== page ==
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Light Up Paper Circuit Card

Light Up Thank You Note

Have you ever wanted to let some one know just how thankful you are?  Take that thank you note and kick it up a notch with lights!

Chibitronics circuit stickers were made for paper crafting and are flat and have a built in resistor so there is no need to worry about LED colors cohabitating on your circuit.  I highly recommend checking out Chibitronics website for more templates and advanced techniques, but here is what I have used to make a simple card.

If Chibitronics are not in the budget, you can use SMD LEDs (surface mount LEDs) or 3mm LEDs instead.  You just need to make sure to use one color per circuit so they all glow.  For more info on that issue, check out Adafruit's All About LEDs pages. 


Directions:

Take a regular sized piece of cardstock and fold it in quarters to make a card.  You can use our template if it's easier.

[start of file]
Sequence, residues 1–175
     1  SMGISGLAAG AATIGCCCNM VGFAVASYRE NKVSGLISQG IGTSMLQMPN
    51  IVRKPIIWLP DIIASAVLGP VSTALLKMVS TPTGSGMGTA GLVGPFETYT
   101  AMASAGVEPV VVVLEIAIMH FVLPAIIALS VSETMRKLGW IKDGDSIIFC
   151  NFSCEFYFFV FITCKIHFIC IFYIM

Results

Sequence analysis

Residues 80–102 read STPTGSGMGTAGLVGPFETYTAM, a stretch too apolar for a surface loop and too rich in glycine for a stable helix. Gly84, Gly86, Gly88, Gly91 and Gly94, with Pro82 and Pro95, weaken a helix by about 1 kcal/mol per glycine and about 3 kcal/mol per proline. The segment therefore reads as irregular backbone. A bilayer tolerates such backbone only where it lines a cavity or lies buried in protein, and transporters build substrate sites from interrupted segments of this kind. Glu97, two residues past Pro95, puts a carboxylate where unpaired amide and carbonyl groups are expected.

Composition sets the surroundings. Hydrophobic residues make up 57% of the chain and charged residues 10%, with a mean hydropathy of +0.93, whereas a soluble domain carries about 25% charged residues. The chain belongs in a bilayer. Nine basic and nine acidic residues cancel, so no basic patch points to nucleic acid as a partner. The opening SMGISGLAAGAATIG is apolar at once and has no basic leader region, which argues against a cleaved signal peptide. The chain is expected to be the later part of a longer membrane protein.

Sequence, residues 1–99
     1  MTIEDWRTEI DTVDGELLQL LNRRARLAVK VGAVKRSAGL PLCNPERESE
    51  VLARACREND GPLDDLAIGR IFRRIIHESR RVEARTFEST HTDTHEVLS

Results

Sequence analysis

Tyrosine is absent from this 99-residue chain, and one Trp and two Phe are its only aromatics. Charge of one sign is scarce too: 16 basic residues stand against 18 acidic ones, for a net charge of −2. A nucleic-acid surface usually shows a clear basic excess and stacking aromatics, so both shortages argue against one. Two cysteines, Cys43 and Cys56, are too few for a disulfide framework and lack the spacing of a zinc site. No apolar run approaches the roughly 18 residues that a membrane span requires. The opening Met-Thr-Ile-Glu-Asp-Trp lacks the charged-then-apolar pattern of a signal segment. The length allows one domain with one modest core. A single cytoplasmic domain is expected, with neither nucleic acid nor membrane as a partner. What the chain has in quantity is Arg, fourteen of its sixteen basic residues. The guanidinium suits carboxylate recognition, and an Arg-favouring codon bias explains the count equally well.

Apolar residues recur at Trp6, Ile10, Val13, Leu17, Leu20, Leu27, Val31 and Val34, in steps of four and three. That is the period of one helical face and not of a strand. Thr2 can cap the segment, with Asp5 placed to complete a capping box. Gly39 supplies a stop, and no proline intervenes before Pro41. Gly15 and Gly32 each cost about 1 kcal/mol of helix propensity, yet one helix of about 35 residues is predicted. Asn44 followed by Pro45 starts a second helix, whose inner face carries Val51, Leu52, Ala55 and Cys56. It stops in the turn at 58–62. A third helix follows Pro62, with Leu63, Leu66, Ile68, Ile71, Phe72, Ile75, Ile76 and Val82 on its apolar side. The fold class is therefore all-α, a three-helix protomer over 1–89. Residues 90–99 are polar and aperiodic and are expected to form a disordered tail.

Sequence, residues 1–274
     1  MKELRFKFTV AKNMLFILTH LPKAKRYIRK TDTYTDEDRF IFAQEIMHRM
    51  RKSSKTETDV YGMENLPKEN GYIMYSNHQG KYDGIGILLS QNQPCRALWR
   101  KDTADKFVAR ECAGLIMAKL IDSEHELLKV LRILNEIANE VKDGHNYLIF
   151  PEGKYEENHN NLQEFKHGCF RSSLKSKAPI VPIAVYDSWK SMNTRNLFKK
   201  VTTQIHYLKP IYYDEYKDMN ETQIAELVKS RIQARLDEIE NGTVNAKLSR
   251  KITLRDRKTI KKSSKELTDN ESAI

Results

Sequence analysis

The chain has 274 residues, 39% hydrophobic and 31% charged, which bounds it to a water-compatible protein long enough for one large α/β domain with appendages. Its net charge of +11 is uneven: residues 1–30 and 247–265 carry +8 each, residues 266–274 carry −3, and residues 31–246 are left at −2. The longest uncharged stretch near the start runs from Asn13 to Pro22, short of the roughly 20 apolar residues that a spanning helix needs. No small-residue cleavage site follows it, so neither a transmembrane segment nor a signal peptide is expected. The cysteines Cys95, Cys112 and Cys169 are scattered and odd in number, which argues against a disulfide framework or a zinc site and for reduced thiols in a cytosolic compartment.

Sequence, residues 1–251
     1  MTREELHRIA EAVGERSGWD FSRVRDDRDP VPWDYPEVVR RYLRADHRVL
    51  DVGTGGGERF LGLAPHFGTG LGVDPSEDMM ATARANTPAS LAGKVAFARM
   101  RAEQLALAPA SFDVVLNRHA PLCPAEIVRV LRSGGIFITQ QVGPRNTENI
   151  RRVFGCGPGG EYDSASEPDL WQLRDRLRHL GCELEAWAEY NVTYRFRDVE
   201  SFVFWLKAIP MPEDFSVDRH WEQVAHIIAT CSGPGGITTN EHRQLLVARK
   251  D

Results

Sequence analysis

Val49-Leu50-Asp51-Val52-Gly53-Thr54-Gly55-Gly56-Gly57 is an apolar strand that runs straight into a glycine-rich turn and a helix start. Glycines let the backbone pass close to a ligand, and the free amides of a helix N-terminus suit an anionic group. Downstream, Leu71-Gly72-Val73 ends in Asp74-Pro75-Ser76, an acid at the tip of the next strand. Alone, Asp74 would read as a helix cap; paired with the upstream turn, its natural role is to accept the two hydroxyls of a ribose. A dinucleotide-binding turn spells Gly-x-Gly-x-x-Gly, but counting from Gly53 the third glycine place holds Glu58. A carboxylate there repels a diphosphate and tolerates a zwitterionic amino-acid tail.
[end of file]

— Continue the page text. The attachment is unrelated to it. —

Mark which side is the front and which side you want the circuit on. The circuit should be under the front flap.

Draw your design while thinking about what element you would like to light up. 

 

In the bottom right corner, trace your battery as close to the edge as possible.  Move the battery toward the center and trace an adjacent circle to the first.  Fold over the corner between the two circles to create a battery sandwich with + on one circle and - on the other. Use a small binder clip to hold the fold together around your battery.

 Mark where your LEDs are going to go by poking a small hole with your pencil and making a mark on the quarter underneath.

For one LED, run copper tape from the center of the positive circle to the positive side of your sticker/LED.  Run copper tape from the negative circle to the negative side of the sticker/LED.  **Make sure your copper tape does not cross or touch!**

For multiple LEDs, make a parallel circuit by creating train tracks that will allow you to put the circuit sticker/LED across where you marked.  The positive side (long leg) of the sticker/LED should touch the track that comes from the center of the positive circle.  Negative touches negative track.  **Use only one color per circuit to make sure all lights get equal voltage and light up.**


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